A British MP takes down Trump with a Dumbledore quote

MP Sam Gyimah said, "It takes even more bravery to stand up to your friends"

By Matthew Rozsa

Staff Writer

Published December 1, 2017 2:11PM (EST)

Richard Harris as Professor Dumbledore in "Harry Potter and the Sorcerer's Stone" (Warner Bros. Pictures)
Richard Harris as Professor Dumbledore in "Harry Potter and the Sorcerer's Stone" (Warner Bros. Pictures)

President Donald Trump was just owned by a British MP who quoted the popular fictional wizard, Professor Albus Dumbledore of J.K. Rowling's "Harry Potter" series.

During a Thursday broadcast of BBC's "Question Time," British Member of Parliament Sam Gyimah could be seen praising Prime Minister Theresa May for standing up to Trump after the American president retweeted anti-Muslim videos from a far-right politician's Twitter feed.

"It takes great bravery to stand up to your enemies. It takes even more bravery to stand up to your friends," Gyimah said, adding that Trump had "definitely crossed a line" by retweeting the anti-Muslim materials.

Although Gyimah did not attribute the quote to the character from the acclaimed franchise, it is hard to imagine that he wasn't alluding to it. For reference, here is the original line from "Harry Potter and the Sorcerer's Stone":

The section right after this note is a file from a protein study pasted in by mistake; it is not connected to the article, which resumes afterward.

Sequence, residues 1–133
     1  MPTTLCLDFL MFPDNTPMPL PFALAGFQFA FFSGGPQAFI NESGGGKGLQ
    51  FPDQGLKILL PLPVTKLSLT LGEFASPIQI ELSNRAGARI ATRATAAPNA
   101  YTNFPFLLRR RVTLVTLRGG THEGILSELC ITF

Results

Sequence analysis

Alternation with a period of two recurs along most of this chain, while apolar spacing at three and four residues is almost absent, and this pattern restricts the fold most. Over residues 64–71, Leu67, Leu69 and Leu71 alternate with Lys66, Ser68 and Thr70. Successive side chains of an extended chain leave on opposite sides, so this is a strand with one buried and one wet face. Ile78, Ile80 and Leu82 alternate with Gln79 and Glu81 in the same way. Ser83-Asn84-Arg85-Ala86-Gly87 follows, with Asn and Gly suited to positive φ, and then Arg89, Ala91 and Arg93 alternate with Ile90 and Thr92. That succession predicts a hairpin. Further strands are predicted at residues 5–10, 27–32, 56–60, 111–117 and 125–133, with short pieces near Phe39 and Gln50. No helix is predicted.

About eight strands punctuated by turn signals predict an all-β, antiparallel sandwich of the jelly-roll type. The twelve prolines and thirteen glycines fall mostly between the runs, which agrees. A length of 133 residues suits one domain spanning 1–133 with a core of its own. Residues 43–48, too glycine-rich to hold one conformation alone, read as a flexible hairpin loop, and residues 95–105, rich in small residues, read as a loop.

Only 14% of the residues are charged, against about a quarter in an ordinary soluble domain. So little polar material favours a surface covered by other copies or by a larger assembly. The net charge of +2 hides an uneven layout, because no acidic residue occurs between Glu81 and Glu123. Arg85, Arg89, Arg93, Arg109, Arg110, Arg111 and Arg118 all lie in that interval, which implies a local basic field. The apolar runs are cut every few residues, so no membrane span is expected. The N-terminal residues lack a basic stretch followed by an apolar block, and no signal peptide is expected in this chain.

"It takes a great deal of bravery to stand up to your enemies, but a great deal more to stand up to your friends."

Gyimah added that he was "personally deeply uncomfortable" with Trump's impending visit to the country, arguing that the president "is deliberately divisive and this will be divisive at a time that we are trying to unite our country."

Trump's relationship with the United Kingdom seems to have deteriorated somewhat in the two days since he retweeted videos by right-winger Jayda Fransen, the deputy leader of the Britain First party.

After he was publicly criticized by May for posting the videos, Trump tweeted this to his overseas counterpart.

May had denounced Trump's retweet during a visit to the Jordanian city of Amman.

"I'm very clear that retweeting from Britain First was the wrong thing to do. Britain First is a hateful organization. It seeks to spread mistrust and division in our communities. It stands against common British decency," May said in Amman.

Labour MP Stephen Doughty echoed these criticisms, arguing that Trump was "either a racist, incompetent or unthinking. Or all three."

May nevertheless refused to rescind an invitation to the president to visit her country, arguing that "the invitation for a state visit has been extended and has been accepted. We have yet to set a date."

By Matthew Rozsa

Matthew Rozsa is a staff writer at Salon. He received a Master's Degree in History from Rutgers-Newark in 2012 and was awarded a science journalism fellowship from the Metcalf Institute in 2022.

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